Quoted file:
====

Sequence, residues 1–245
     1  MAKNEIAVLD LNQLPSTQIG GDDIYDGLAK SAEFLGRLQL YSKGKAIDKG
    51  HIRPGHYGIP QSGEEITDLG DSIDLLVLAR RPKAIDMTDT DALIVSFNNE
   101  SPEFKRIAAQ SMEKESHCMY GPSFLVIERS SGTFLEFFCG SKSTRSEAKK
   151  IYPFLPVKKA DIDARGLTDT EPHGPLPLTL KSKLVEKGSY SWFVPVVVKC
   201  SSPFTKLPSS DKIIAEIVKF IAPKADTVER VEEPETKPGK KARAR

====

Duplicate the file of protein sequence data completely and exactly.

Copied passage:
Sequence, residues 1–245
     1  MAKNEIAVLD LNQLPSTQIG GDDIYDGLAK SAEFLGRLQL YSKGKAIDKG
    51  HIRPGHYGIP QSGEEITDLG DSIDLLVLAR RPKAIDMTDT DALIVSFNNE
   101  SPEFKRIAAQ SMEKESHCMY GPSFLVIERS SGTFLEFFCG SKSTRSEAKK
   151  IYPFLPVKKA DIDARGLTDT EPHGPLPLTL KSKLVEKGSY SWFVPVVVKC
   201  SSPFTKLPSS DKIIAEIVKF IAPKADTVER VEEPETKPGK KARAR